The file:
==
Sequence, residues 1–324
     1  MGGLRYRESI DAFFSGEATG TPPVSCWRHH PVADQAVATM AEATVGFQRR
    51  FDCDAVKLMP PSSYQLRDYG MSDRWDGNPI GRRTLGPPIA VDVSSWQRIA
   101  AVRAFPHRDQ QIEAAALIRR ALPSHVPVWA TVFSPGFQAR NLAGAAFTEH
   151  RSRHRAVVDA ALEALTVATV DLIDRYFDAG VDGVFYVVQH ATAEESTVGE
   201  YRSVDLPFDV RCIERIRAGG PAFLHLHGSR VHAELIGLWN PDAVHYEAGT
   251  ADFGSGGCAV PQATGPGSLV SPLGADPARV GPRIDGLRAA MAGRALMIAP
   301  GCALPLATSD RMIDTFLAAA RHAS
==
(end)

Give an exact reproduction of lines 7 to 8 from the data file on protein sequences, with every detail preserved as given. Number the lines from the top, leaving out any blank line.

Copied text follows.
   251  ADFGSGGCAV PQATGPGSLV SPLGADPARV GPRIDGLRAA MAGRALMIAP
   301  GCALPLATSD RMIDTFLAAA RHAS